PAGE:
We took off from Brindisi at 7:30 p.m. escorted by a Polish Liberator. It was mostly for our psychical comfort, since both planes were easy target for German fighters. On board we had some equipment and four passengers. Not only the common sense but also strict regulations prohibited us from knowing who they were. After the war I learned from different sources that our passengers were: Kazimierz Bilski, Jan Nowak, Leszek Starzynski and Boguslaw Wolniak. During crossing of the Yugoslavian coast nightfall came. Until that moment I had a radio contact with our escort, which took its own course. Ours led through Yugoslavia, Hungary and Czechoslovakia. Over Hungary we saw AA in action, but far from us and apparently stimulated by somebody else. Our orientation point for landing was the outlet of the River Dunajec to the River Vistula. We reached it according to plan, right on time. Down there they waited for us, and after signals exchange, the lights appeared on four corners of the landing strip. Pilot made two attempts before putting down the plane. Right after we stopped I opened the door to established contact with the receiving party. I was welcomed by Wlodzimierz Gedymin who commanded on the ground. Our passengers left, the equipment was unloaded and took five new passengers. They were: T. Arciszewski, J. Retinger, J. Chmielewski, T. Chciuk and C. Micinski. Jerzy Chmielewski was in possession of the V-2 parts and written report on them. He was responsible for the watch on Blizna.
After only several minutes on the ground we got ready to take off. It turned out that the field was oozy. Our Dakota was stuck in the mud. I immediately realized my situation: I was on a Polish soil and I could join the Polish Resistance and in few days meet my family and friends. The Polish officer was asking me a lot of questions about certain people, Polish units, etc. while there was no time to waste. We franticly tried to free the aircraft, all in vain. We were running out of time and we discussed burning the plane. Finally, after an hour and five minutes on a ground, we succeeded and took off for home.
We still had a big problem on our hands. In our desperation to budge the aircraft we severed their hydraulic hoses to eliminate the possibility of the wheels' locked breaks. This prevented us from lifting up the undercarriage. Flying with the wheels down created a drag what threatened with running out of fuel before reaching our base. We filled the hydraulic tank with whatever fluid we could get: water, thermos tea, whatever. By the time we passed the Tatra Mountains we had the wheels up. Then I went to see to our passengers and instruct them about parachute harness in case of need. Back in the cockpit I took over the controls. It was a beautiful, starry and calm night and we all calmed down, calculating that after three hours of flight we'll back home and relatively safe. I reflected on the group of people we left in behind us, who already for five years fought with the hated occupant, and who put a lot of effort into the "Third Bridge". Our successful flight back to Allied territory with the parts of V-2 was their triumph..."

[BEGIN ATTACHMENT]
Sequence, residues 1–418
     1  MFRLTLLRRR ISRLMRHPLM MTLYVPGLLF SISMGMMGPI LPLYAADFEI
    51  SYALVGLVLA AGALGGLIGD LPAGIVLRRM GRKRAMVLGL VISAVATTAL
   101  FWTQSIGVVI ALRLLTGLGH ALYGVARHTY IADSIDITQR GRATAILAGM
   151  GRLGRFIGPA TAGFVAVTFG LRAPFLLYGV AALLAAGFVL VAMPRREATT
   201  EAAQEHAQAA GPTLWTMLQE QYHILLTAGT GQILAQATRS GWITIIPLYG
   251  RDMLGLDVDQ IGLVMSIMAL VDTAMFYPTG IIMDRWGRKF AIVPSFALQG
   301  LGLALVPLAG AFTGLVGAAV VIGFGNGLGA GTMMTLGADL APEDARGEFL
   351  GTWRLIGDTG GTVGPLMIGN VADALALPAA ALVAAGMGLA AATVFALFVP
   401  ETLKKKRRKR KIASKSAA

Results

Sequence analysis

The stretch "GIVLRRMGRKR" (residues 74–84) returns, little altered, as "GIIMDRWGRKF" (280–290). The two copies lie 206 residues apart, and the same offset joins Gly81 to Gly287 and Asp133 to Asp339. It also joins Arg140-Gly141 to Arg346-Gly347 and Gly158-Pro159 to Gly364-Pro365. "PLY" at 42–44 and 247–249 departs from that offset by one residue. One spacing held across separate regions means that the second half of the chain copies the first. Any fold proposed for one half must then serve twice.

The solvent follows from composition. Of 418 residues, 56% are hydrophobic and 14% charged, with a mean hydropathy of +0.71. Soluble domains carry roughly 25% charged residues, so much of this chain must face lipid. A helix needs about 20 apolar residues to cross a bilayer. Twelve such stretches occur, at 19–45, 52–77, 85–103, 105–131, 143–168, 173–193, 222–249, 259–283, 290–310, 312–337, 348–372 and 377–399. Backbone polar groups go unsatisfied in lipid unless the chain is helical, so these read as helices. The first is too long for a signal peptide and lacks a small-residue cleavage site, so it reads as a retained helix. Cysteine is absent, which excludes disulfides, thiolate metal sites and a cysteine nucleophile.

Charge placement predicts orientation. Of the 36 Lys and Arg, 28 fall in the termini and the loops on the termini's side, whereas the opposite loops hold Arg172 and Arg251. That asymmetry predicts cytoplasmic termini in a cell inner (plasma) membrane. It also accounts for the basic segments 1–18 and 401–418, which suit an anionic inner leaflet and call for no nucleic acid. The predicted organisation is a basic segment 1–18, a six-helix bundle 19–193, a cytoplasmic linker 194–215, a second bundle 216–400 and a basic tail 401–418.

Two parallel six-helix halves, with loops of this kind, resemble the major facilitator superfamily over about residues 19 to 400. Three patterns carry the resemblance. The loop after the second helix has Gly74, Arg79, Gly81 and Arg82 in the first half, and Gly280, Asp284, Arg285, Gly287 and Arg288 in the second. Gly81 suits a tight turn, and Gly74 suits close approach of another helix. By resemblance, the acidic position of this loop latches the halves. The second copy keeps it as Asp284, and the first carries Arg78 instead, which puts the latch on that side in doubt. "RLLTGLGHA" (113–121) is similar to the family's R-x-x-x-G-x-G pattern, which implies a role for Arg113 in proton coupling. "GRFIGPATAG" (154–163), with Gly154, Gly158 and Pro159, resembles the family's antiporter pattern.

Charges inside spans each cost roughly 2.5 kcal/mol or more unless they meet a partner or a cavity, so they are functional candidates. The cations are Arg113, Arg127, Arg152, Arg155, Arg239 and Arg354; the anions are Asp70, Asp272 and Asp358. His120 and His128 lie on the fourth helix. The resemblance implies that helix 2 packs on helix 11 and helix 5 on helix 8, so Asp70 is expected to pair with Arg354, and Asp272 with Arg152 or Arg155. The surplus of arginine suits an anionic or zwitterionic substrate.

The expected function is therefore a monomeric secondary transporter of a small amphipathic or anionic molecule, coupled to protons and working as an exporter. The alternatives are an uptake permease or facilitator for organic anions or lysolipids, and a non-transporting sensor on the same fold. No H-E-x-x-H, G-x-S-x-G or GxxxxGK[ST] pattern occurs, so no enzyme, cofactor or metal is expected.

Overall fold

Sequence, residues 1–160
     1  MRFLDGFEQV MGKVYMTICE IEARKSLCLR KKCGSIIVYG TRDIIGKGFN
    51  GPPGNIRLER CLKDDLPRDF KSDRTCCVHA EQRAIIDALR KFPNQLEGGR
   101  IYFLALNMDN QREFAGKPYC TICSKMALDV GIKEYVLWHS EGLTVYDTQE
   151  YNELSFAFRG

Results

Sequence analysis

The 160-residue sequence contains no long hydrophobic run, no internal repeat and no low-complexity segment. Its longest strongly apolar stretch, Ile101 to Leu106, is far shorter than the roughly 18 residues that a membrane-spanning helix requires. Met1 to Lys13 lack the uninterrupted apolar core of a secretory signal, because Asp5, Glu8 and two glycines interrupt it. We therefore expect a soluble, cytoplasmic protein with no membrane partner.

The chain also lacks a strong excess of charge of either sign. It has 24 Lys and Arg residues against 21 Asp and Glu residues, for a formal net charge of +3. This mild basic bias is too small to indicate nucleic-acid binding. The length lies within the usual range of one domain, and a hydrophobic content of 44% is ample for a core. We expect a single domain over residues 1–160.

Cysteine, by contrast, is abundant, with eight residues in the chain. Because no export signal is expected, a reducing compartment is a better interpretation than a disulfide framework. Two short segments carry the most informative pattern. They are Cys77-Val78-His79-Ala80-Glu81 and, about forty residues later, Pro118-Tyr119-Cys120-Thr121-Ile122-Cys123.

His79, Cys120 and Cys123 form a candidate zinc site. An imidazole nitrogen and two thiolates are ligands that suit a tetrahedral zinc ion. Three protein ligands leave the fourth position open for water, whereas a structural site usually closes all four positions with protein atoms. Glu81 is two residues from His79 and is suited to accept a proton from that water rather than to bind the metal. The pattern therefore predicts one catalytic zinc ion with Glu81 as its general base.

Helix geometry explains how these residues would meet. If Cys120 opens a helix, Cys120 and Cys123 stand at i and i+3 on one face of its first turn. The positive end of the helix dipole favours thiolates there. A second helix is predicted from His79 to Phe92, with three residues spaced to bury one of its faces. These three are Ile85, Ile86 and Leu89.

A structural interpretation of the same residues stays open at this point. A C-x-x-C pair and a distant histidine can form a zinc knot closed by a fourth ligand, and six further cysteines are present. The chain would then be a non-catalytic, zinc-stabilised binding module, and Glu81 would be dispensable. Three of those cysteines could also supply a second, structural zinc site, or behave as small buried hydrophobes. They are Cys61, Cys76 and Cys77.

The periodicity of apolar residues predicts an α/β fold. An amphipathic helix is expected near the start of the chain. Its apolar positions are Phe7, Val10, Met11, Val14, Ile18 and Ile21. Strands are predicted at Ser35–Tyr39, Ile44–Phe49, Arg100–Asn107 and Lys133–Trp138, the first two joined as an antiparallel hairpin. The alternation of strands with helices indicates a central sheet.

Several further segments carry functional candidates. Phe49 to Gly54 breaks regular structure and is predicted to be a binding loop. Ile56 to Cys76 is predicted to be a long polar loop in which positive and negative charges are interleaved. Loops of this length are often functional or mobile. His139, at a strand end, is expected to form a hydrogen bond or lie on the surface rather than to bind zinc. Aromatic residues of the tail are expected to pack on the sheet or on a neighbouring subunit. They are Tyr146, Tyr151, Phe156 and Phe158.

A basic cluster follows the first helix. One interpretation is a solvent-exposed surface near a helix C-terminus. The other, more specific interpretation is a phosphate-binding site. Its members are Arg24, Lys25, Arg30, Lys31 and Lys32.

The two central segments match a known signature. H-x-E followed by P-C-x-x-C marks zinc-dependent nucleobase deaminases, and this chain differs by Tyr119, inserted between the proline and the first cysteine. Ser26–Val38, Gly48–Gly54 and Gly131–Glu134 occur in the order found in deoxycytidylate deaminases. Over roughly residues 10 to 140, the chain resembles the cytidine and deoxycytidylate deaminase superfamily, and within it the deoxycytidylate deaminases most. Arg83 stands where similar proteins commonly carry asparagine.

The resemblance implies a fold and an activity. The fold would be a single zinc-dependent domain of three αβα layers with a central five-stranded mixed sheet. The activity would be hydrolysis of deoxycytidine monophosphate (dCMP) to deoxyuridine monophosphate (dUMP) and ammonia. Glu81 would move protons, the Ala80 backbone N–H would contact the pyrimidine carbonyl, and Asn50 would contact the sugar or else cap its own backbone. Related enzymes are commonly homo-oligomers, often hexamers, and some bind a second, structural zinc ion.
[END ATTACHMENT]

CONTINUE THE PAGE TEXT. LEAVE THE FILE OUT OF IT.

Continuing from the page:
|Douglas DC3 DAKOTA|
This type of the aircraft was taken to the air by Kazimierz Szrajer in the 'Third Bridge' operation to smuggled parts of German rocket V-2 from occupied Poland to the West in July 1944
By the end of the month the precious cargo was delivered to London. Kocjan Antoni was to have been part of the entourage and it was his intention of personally delivering the V-2 rocket and all its' documentation to British authorities. As fate would have it, Antoni and his wife were arrested by the Gestapo and imprisoned at Pawiak. They were executed on August 13, 1944.
|Documentation of V-2 Rocket drawn and submitted by Polish Underground|
Among the participants of Operation Most III were Jerzy Chmielewski, Jozef Retinger, Tomasz Arciszewski, Tadeusz Chciuk, and Czeslaw Micinski. The Captain was a Pole by the name of K. Szrajer, and crew were also Poles; Kazimierz Bilski, Jan Nowak, Leszek Starzynski, and Boguslaw Ryszard Wolniak. The plane's navigator was British.
Among the AK "Urban" group were Adam Gondek and Captain Wladyslaw Kabat ps."Brzechwa" , commander of the Motyl (Butterfly) landing security. Other participants were
Kpr. Franciszek Nowak "Pomidor", Dr. Jan Deszcz "Wacek", Kpr. pchor. Wladyslaw Bysiek "Morena", Plut. Jozef Lupa "Czarny Sep", Ppor. Franciszek Kuczek "Deska", Por. Mieczyslaw Czech "Jurand", Por. Pawel Chwala "Skory", Ppor. Jan Gomola "Jawor".
PART II: MISSIONS Operation Belt